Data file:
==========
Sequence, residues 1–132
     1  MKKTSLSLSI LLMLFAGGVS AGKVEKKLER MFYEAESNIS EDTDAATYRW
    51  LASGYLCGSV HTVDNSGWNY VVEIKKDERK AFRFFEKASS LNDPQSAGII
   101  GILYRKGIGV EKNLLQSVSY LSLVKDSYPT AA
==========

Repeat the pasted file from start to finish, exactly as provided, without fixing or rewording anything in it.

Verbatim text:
Sequence, residues 1–132
     1  MKKTSLSLSI LLMLFAGGVS AGKVEKKLER MFYEAESNIS EDTDAATYRW
    51  LASGYLCGSV HTVDNSGWNY VVEIKKDERK AFRFFEKASS LNDPQSAGII
   101  GILYRKGIGV EKNLLQSVSY LSLVKDSYPT AA